Numerous aspects influences Europeans to immigrate to the United States including unemployment, the seeking of refuge from religious prosecution, food shortages, and increasing threats of war. Hope that America would provide a new home with a new start encouraged 6.3 million people to enter the United States between 1877 and 1890. Prior to the 1880’s, most immigrants originated from Germany, Ireland, and England; however, the sources began to shift away from northern and western Europe in the 1880’s. An increase of immigrants from southern and eastern Europe quickly replaced those prior to the 1880’s. “New immigrants” from Italy, Greece, Austria-Hungary, Poland, and Russia practiced Catholicism and Judaism instead of Protestantism.
These back-to-back economic changes resulted in a growing population in most countries, overcrowding the cities. The United States in particular had problems with a large number of immigrants flowing into the country. This took place when America itself was still recently just developed, so the country was not
During the late 19th century and early 20th century there were many rumors that America was the “land of opportunity”. Millions of people emigrated from Europe and Asia to America. However, the Chinese were banned from entering the country in 1882 due to the Chinese Exclusion Act. There was a difference between the old immigrants and the new immigrants. Old immigrants came from northern or western Europe, they assimilated quickly, they were Protestant, and they arrived with some money.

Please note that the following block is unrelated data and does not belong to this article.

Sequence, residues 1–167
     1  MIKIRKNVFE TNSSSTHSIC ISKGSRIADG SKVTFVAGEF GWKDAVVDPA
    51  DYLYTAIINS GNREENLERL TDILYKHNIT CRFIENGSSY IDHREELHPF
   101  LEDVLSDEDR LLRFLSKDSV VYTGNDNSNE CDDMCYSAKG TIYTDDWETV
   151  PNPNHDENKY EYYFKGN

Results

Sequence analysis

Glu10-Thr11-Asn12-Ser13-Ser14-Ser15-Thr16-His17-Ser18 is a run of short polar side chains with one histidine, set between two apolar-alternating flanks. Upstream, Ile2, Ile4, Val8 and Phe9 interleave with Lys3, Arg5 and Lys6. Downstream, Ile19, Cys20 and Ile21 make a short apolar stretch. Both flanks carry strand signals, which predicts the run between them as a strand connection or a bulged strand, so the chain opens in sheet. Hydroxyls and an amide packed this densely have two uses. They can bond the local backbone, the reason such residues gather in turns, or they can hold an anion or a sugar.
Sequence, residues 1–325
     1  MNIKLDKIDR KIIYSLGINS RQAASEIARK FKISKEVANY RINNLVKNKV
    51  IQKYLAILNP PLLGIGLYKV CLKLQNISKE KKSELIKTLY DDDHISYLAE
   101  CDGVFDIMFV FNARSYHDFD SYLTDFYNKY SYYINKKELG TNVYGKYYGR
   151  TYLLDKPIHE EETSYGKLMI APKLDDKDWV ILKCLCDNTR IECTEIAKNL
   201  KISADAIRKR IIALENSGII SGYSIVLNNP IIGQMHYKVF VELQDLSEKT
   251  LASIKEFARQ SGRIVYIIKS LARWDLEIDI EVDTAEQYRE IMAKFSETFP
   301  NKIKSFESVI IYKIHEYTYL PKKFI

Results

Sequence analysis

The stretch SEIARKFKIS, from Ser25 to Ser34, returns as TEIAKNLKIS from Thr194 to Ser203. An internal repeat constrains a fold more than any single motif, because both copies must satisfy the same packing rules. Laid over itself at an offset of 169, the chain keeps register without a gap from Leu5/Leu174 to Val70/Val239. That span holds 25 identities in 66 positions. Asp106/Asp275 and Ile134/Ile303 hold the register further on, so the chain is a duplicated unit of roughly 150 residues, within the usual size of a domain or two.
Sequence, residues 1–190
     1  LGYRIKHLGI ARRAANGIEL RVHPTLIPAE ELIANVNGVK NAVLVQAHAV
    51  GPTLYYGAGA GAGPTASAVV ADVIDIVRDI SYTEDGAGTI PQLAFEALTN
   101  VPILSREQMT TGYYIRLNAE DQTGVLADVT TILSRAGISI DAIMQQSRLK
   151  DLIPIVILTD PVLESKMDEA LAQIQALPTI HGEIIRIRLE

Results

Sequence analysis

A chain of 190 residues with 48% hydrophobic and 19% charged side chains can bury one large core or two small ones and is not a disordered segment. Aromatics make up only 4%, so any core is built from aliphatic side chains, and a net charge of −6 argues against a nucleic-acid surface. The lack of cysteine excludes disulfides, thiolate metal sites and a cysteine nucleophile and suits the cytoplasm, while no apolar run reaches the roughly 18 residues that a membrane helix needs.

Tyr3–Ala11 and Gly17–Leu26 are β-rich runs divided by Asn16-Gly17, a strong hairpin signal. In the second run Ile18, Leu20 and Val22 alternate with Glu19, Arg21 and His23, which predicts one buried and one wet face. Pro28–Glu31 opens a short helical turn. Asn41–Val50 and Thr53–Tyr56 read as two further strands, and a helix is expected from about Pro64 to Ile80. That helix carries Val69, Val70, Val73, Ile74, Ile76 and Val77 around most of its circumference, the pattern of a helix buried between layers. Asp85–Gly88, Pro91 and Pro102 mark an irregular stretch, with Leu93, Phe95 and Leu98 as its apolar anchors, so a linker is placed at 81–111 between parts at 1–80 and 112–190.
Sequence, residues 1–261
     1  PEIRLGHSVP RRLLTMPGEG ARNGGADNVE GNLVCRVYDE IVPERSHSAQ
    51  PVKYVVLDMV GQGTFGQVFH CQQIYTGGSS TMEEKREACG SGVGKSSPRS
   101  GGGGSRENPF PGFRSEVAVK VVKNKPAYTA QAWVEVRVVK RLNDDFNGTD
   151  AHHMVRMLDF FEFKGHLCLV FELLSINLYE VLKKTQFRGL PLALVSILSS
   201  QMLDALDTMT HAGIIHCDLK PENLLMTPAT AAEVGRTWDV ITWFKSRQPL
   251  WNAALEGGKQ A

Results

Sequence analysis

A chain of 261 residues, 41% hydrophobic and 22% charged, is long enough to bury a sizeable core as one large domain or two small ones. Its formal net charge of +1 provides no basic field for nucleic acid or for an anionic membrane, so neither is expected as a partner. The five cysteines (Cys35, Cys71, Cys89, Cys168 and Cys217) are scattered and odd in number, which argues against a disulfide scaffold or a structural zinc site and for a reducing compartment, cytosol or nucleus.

What led them to move to the cities and what sorts of challenges did these people find once they arrived? Answer: Many immigrants moved to America to search for employment where their native European countries failed to provide, found that, unfortunately, sanitation, education, proper housing, well-paying jobs, and help with assimilation to the American lifestyle were all in short supply. 3. What sorts of new technological innovation were taking place during the period described?